Why aren’t human rights groups defending Jews’ rights to visit the Temple Mount?
According to Palestine Today, this morning a a mob of Muslims managed to start a disturbance in order to “expel” a group of about 30 Jews who were visiting the Temple Mount, Judaism’s holiest site.
The Aqsa Heritage Foundation has photos of the “settlers” being “provocative.”
As far as I can tell, not only do Jews have the right to visit and to pray on the Temple Mount, but if they wanted to build a synagogue there I cannot find anything in international law that wouldn’t support them wholeheartedly.
The overriding consideration in international law is the right to be treated equally, and barring Jews from the Temple Mount is about as discriminatory as possible.
Article 18 of the International Covenant on Civil and Political Rights says:
Everyone shall have the right to freedom of thought, conscience and religion. This right shall include freedom to have or to adopt a religion or belief of his choice, and freedom, either individually or in community with others and in public or private, to manifest his religion or belief in worship, observance, practice and teaching.
In addition, Article 20 seems to prohibit the insults and incitement that Muslims engage in towards Jews on the Temple Mount:
1. Any propaganda for war shall be prohibited by law.
2. Any advocacy of national, racial or religious hatred that constitutes incitement to discrimination, hostility or violence shall be prohibited by law.
Moreover, the UN Declaration on the Elimination of All Forms of Intolerance and of Discrimination Based on Religion or Belief is filled with articles that would prohibit banning Jews from the Temple Mount:
No one shall be subject to discrimination by any State, institution, group of persons, or person on grounds of religion or other beliefs.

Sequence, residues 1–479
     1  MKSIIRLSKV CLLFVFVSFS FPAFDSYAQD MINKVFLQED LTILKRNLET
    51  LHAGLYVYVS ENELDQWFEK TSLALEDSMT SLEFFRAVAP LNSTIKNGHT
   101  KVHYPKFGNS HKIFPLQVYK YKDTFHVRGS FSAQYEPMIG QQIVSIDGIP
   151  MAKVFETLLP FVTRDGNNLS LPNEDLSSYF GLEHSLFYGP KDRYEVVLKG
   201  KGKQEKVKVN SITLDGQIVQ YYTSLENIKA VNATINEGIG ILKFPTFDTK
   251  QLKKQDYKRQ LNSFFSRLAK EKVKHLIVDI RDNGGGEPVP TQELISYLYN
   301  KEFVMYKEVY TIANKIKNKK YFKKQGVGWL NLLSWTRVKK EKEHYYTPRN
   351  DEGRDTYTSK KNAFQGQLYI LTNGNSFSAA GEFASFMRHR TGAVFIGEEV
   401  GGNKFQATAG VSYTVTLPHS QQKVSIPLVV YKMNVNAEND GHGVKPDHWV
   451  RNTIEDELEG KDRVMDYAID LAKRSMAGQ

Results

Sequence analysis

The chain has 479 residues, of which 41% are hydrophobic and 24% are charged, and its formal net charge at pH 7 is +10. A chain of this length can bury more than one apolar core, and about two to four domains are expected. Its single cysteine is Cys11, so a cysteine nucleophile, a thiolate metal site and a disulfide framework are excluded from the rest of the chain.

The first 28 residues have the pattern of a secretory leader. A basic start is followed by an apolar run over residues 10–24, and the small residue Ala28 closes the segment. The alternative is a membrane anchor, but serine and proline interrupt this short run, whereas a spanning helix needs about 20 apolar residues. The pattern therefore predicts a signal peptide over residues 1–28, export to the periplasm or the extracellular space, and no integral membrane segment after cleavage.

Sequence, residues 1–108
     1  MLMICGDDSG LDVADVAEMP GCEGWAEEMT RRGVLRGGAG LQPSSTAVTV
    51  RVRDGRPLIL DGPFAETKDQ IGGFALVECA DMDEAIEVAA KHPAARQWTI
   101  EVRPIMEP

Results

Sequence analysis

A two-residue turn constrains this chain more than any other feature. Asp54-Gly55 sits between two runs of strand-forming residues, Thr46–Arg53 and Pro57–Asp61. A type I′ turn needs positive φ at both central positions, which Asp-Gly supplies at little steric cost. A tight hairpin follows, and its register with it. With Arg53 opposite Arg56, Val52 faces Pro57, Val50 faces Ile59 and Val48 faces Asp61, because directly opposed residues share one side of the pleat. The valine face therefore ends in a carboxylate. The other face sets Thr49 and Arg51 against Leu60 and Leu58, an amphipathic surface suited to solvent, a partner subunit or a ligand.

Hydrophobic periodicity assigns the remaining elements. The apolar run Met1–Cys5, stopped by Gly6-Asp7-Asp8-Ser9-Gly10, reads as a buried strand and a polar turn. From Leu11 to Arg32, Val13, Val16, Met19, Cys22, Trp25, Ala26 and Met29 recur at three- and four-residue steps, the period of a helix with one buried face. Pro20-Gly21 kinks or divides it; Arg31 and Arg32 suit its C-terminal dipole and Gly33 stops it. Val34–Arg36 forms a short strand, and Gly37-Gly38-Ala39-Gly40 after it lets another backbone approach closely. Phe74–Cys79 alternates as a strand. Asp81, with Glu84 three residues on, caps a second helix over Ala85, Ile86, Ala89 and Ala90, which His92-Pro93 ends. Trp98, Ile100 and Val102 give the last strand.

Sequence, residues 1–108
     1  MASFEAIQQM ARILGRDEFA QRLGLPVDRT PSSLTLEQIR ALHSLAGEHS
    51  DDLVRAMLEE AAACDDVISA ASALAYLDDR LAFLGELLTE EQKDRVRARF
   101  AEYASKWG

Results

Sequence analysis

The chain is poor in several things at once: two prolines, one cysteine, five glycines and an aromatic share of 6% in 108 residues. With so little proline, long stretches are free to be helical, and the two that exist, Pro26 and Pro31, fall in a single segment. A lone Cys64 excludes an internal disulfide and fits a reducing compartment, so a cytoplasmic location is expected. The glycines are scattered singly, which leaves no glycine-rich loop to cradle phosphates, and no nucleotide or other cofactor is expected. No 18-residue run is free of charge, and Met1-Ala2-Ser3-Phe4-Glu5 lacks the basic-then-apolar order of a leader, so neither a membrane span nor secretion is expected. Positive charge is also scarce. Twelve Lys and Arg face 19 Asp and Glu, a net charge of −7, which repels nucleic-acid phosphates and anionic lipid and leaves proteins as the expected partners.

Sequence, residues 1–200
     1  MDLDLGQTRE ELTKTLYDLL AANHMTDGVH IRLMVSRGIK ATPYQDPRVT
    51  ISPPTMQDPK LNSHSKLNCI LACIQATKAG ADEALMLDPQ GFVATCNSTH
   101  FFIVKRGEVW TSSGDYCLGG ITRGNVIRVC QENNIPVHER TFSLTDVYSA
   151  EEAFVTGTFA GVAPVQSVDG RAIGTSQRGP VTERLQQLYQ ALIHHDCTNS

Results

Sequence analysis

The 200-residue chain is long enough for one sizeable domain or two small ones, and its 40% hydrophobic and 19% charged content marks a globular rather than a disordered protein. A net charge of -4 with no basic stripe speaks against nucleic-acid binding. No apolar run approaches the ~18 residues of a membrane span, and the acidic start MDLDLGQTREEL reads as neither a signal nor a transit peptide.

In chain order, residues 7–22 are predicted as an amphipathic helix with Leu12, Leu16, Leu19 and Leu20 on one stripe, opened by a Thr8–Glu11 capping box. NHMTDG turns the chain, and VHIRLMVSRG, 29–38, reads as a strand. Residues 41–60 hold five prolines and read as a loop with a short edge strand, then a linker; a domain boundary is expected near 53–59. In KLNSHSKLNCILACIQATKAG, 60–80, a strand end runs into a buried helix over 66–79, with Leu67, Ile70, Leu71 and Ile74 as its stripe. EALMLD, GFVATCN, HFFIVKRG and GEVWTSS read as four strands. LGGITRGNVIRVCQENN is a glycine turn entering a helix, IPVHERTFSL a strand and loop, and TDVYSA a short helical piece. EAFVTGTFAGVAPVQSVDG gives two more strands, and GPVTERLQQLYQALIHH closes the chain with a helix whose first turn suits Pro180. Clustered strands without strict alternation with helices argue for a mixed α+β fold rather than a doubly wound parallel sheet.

For the purposes of the present Declaration, the expression “intolerance and discrimination based on religion or belief” means any distinction, exclusion, restriction or preference based on religion or belief and having as its purpose or as its effect nullification or impairment of the recognition, enjoyment or exercise of human rights and fundamental freedoms on an equal basis.
Discrimination between human beings on grounds of religion or belief constitutes an affront to human dignity and a disavowal of the principles of the Charter of the United Nations, and shall be condemned as a violation of the human rights and fundamental freedoms proclaimed in the Universal Declaration of Human Rights and enunciated in detail in the International Covenants on Human Rights, and as an obstacle to friendly and peaceful relations between nations.
All States shall take effective measures to prevent and eliminate discrimination on the grounds of religion or belief in the recognition, exercise and enjoyment of human rights and fundamental freedoms in all fields of civil, economic, political, social and cultural life.
All States shall make all efforts to enact or rescind legislation where necessary to prohibit any such discrimination, and to take all appropriate measures to combat intolerance on the grounds of religion or other beliefs in this matter.
From these articles it appears that Israel is obligated to allow Jews to visit and pray there, and to protect them from those who want to take away their rights.
It is true that this same declaration says:
Freedom to manifest one’s religion or beliefs may be subject only to such limitations as are prescribed by law and are necessary to protect public safety, order, health or morals or the fundamental rights and freedoms of others.
But this clause is referring to cases where the practitioners of the religion are the ones who are a danger to others, not when the others are so intolerant that they threaten violence. To invoke this paragraph to deny Jews’ rights to the Temple Mount (which I suspect human rights organizations would do if pressed) would make the rest of that declaration a mockery.
Of course, we will never hear Human Rights Watch or Amnesty or the UN dare to defend the Jewish right to worship on the Temple Mount. Because Jews who want to do so are not considered to be worthy of protection by international law, apparently.
(I hope to expand this into a paper for ASHREI-ME.)